Marc Ledbetter, Pacific Northwest National Laboratory
Aimee McKane, Lawrence Berkeley National Laboratory
ACEEE hosted its 13th biennial Summer Study August 22-27, 2004 at the Asilomar Conference Center in Pacific Grove, California. In what is widely considered to be the preeminent gathering of energy efficiency professionals from around the world, the conference brought together 694 participants representing 39 states and 19 countries (including the U.S.).
"Breaking Out of the Box" served as the conference theme, which inspired a new breadth of topics and creative new formats for sessions. New topics ranged from community-wide approaches, to energy efficiency, to discussing whether efficiency alone is sufficient to meet global energy and environmental challenges. New formats included debates and roundtables, which encouraged creative dialogues on the key challenges in our field.
The Summer Study opened with a plenary talk by Professor Vivian Loftness, former head of the School of Architecture at Carnegie Mellon University, who talked about six major areas where attention to design can save a substantial amount of energy, ranging from land use to heating, cooling, lighting, and power systems to choice of building materials. She also discussed work she has done to document the key benefits of some specific energy efficiency measures and practices, such as improved worker health and productivity as a result of better lighting or improved user-control over temperatures and lighting in their workspace.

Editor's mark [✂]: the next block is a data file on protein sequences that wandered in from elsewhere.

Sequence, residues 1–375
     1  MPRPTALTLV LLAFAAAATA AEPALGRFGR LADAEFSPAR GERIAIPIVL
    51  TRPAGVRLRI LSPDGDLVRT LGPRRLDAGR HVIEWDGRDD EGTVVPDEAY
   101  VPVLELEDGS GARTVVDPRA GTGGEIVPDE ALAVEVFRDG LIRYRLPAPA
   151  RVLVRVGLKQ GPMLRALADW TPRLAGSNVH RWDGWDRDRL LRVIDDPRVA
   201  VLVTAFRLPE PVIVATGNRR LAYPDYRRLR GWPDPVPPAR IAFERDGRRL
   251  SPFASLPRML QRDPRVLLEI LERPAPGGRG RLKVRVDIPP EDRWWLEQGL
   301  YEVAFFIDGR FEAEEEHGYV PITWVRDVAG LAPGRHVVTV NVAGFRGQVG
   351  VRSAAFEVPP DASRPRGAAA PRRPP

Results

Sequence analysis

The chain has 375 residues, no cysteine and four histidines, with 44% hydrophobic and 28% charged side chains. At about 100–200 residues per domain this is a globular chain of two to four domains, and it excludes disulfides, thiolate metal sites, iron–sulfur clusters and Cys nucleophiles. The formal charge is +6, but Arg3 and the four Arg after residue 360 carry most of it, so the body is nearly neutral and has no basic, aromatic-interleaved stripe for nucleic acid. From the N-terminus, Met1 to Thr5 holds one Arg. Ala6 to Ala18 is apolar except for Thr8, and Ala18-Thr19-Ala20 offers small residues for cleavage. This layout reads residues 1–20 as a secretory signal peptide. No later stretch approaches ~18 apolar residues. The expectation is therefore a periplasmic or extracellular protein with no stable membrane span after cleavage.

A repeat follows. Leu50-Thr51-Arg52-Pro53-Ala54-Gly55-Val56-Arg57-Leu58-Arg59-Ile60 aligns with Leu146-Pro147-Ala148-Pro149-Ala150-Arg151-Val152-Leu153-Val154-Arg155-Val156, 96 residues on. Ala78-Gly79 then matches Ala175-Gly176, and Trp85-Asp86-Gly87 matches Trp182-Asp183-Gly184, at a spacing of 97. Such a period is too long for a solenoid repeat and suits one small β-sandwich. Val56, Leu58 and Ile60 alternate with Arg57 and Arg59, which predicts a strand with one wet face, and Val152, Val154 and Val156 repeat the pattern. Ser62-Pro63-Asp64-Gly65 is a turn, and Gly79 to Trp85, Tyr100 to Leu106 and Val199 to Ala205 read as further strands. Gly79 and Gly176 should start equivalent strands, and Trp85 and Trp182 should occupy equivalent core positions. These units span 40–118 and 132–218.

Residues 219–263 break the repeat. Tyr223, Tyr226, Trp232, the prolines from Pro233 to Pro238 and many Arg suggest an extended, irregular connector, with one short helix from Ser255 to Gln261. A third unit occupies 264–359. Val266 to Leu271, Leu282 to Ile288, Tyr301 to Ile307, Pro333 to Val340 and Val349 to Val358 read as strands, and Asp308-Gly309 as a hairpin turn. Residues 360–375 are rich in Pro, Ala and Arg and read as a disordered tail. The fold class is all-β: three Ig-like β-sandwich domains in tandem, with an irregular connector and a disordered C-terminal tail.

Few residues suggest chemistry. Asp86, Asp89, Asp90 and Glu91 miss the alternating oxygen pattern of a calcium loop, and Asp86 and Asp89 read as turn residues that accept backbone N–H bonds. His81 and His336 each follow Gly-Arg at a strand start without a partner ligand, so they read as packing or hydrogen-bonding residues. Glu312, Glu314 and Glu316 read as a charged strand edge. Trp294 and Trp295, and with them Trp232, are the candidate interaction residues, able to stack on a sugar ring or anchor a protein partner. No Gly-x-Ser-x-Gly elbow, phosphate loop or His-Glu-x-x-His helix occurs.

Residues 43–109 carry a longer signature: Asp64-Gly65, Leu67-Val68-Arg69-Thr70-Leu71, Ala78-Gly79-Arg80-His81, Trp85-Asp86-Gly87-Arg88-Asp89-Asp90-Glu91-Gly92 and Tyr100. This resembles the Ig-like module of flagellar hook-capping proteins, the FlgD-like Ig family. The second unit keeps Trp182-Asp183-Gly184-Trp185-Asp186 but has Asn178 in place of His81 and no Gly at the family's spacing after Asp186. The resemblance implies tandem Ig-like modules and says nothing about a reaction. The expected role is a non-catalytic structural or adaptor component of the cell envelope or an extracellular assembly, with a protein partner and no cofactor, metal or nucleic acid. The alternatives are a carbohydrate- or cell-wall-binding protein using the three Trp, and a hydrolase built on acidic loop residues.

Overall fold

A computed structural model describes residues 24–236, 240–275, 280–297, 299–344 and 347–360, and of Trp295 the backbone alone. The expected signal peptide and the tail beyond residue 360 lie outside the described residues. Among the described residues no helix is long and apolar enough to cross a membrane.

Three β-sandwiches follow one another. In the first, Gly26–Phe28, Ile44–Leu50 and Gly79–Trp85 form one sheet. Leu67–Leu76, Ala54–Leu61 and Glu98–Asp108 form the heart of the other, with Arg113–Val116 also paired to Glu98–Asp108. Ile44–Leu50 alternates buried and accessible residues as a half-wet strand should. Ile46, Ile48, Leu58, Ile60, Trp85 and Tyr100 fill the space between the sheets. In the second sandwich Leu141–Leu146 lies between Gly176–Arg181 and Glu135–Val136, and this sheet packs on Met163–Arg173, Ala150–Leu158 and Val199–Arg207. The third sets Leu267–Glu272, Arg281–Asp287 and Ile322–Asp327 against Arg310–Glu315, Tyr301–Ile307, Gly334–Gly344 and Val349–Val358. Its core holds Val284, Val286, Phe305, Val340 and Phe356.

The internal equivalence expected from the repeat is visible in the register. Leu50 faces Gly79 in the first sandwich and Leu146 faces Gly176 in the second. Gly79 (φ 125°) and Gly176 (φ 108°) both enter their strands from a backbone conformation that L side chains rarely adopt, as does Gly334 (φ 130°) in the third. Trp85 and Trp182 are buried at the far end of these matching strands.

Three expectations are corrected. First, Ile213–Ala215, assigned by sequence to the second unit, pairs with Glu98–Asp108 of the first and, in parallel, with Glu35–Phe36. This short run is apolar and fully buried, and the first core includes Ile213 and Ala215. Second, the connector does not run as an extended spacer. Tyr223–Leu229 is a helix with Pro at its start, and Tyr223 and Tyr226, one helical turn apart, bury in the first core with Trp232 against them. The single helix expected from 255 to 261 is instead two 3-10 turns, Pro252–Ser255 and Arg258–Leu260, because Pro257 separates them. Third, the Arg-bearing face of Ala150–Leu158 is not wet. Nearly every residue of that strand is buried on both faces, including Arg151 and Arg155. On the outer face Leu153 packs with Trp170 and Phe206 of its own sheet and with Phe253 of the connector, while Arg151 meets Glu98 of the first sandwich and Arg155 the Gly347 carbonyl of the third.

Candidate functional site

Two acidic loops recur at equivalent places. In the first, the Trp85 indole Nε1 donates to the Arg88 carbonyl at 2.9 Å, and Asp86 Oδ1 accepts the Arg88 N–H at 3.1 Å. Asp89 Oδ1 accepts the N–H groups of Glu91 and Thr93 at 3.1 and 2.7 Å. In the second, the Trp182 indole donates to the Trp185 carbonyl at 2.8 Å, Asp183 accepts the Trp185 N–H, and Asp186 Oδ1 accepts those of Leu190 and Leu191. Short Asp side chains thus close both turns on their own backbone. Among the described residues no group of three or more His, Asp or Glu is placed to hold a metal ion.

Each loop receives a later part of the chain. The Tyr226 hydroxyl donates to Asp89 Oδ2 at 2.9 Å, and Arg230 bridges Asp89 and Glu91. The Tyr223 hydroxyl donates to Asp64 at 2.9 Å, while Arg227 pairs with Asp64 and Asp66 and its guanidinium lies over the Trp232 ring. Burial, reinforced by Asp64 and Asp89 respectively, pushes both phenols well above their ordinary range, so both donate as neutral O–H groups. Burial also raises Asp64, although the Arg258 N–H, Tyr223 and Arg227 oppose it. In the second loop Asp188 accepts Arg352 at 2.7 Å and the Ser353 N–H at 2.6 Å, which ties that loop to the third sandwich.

Also featured were four other plenary talks by Alison Silverstein, former senior Advisor to the Chair of the Federal Energy Regulatory Commission; Brian Silverstein, Acting Vice President, Transmission Planning, at the Bonneville Power Administration; Marilyn Brown, Director of the Energy Efficiency and Renewable Energy Program at Oak Ridge National Laboratory; and Joel Levin, Vice President of the California Climate Action Registry. Alison Silverstein discussed the 2001 blackout, its causes, and steps that can be taken to prevent further blackouts, such as actions to bring peak power demand down to ease pressure on the power-supply system. Brian Silverstein discussed how BPA is using strategies to reduce customer peak demand to postpone major transmission line projects, saving capital and controversy. Marilyn Brown discussed opportunities for substantially reducing energy use and greenhouse gas emissions from residential and commercial buildings. Joel Levin talked about working with businesses to encourage actions and investments to reduce emissions that contribute to global climate change.